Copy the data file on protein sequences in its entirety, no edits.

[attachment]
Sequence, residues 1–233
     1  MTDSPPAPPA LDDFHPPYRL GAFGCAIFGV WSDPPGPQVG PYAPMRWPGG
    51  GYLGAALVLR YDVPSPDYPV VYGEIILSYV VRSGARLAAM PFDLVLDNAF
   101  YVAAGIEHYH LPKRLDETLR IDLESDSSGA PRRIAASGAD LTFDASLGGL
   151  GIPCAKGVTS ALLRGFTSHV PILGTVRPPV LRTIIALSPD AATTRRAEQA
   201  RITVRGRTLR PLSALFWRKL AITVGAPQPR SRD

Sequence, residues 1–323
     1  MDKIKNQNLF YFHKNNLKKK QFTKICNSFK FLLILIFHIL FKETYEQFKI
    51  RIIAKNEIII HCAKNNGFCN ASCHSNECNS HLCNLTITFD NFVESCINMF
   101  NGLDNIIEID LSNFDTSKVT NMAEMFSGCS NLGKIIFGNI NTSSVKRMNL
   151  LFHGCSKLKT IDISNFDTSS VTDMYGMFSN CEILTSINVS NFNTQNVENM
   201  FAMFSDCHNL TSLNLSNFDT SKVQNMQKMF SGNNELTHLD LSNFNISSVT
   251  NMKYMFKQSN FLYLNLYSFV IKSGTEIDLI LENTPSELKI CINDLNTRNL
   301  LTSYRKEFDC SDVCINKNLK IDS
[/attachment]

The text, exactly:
Sequence, residues 1–233
     1  MTDSPPAPPA LDDFHPPYRL GAFGCAIFGV WSDPPGPQVG PYAPMRWPGG
    51  GYLGAALVLR YDVPSPDYPV VYGEIILSYV VRSGARLAAM PFDLVLDNAF
   101  YVAAGIEHYH LPKRLDETLR IDLESDSSGA PRRIAASGAD LTFDASLGGL
   151  GIPCAKGVTS ALLRGFTSHV PILGTVRPPV LRTIIALSPD AATTRRAEQA
   201  RITVRGRTLR PLSALFWRKL AITVGAPQPR SRD

Sequence, residues 1–323
     1  MDKIKNQNLF YFHKNNLKKK QFTKICNSFK FLLILIFHIL FKETYEQFKI
    51  RIIAKNEIII HCAKNNGFCN ASCHSNECNS HLCNLTITFD NFVESCINMF
   101  NGLDNIIEID LSNFDTSKVT NMAEMFSGCS NLGKIIFGNI NTSSVKRMNL
   151  LFHGCSKLKT IDISNFDTSS VTDMYGMFSN CEILTSINVS NFNTQNVENM
   201  FAMFSDCHNL TSLNLSNFDT SKVQNMQKMF SGNNELTHLD LSNFNISSVT
   251  NMKYMFKQSN FLYLNLYSFV IKSGTEIDLI LENTPSELKI CINDLNTRNL
   301  LTSYRKEFDC SDVCINKNLK IDS